- R806.4 Conditioned attic assemblies. Unvented conditioned attic assemblies (spaces between the ceiling joists of the top story and the roof rafters) are permitted under the following conditions:
    - - 1. No interior vapor retarders are installed on the ceiling side (attic floor) of the unvented attic assembly.
    - - 2. An air-impermeable insulation is applied in direct contact to the underside/interior of the structural roof deck. “Air-impermeable” shall be defined by ASTM E 283.
    - - - Exception: In Zones 2B and 3B, insulation is not required to be air impermeable.
    - - 3. In the warm humid locations as defined in Section N1101.2.1:
    - - - 3.1. For asphalt roofing shingles: A 1-perm (5.7 × 10-11 kg/s m2 Pa) or less vapor retarder (determined using Procedure B of ASTM E 96) is placed to the exterior of the structural roof deck; that is, just above the roof structural sheathing.
    - - - 3.2. For wood shingles and shakes: a minimum continuous 1/4-inch (6 mm) vented air space separates the shingles/shakes and the roofing felt placed over the structural sheathing.
    - - 4. In Zones 3 through 8 as defined in Section N1101.2, sufficient insulation is installed to maintain the monthly average temperature of the condensing surface above 45°F (7°C). The condensing surface is defined as either the structural roof deck or the interior surface of an air-impermeable insulation applied in direct contact with the underside/interior of the structural roof deck. “Air-impermeable” is quantitatively defined by ASTM E 283. For calculation purposes, an interior temperature of 68°F (20°C) is assumed. The exterior temperature is assumed to be the monthly average outside temperature.

    Fiberglass insulation IS allowed by code, it does not require an ESR - it is spelled out in the code.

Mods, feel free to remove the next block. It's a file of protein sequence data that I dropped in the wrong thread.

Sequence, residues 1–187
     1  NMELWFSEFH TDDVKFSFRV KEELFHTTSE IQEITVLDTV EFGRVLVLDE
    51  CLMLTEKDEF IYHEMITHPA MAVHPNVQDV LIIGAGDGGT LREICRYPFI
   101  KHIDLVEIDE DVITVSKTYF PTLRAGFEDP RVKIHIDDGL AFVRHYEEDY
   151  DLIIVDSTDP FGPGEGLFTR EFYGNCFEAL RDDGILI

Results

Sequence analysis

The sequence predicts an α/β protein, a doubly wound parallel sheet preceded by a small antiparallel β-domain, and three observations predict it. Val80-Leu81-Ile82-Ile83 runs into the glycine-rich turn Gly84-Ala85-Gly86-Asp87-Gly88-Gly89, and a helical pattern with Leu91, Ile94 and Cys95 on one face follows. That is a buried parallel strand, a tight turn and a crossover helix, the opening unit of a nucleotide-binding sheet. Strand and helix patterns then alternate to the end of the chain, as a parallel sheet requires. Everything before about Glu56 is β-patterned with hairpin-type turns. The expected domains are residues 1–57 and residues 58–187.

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  6. #6
    George Chittenden's Avatar
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    Default Re: Rafter Insulation

    Jerry,

    In reading the code sections you highlighted I do see that the use of an air-permeable insulation is allow in zones 2B and 3B. I f that is the zone the question is regarding then I stand corrected. All other zones require insulation the is not air permeable and in looking at the pictures the unfaced fiberglass is definately air permeable. Adding a vapor barrier below the unfaced fiberglass will solve the problem unless they are in the two exception zones.


  7. #7
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    Default Re: Rafter Insulation

    George,

    In looking at the referenced climate zone map, Austin is in the Zone 2 and is also below the Warm-Humid line.

    Thus, if that house is in Austin where Ken is, you would be correct - fiber glass insulation 'would not' be allowed by code.

    Going west of Austin a ways (about 40-50 miles would be my best guess), then that half of Texas would be in Zone 2B and 3B, except for the north-western corner which is in Zone 4B.

    Jerry Peck, Construction / Litigation Consultant
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  8. #8
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    Default Re: Rafter Insulation

    Jerry, Is fiberglass allowed in So cal? I was under the assumption it is not.


  9. #9
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    Default Re: Rafter Insulation

    Quote Originally Posted by Marc M View Post
    Jerry, Is fiberglass allowed in So cal? I was under the assumption it is not.
    Marc,

    Only if you are talking about the very small area at the tip of Southern California (see darker area in attached Climate Zone map from the 2006 IRC).

    If you go to Table N1101.2 Climate Zones by States and Counties, you will find which counties are in which zones.

    In California, the only county shown in Zone 2 - which is Zone 2 Dry (B) - is Imperial County.

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  10. #10
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    Default Re: Rafter Insulation

    Thank you.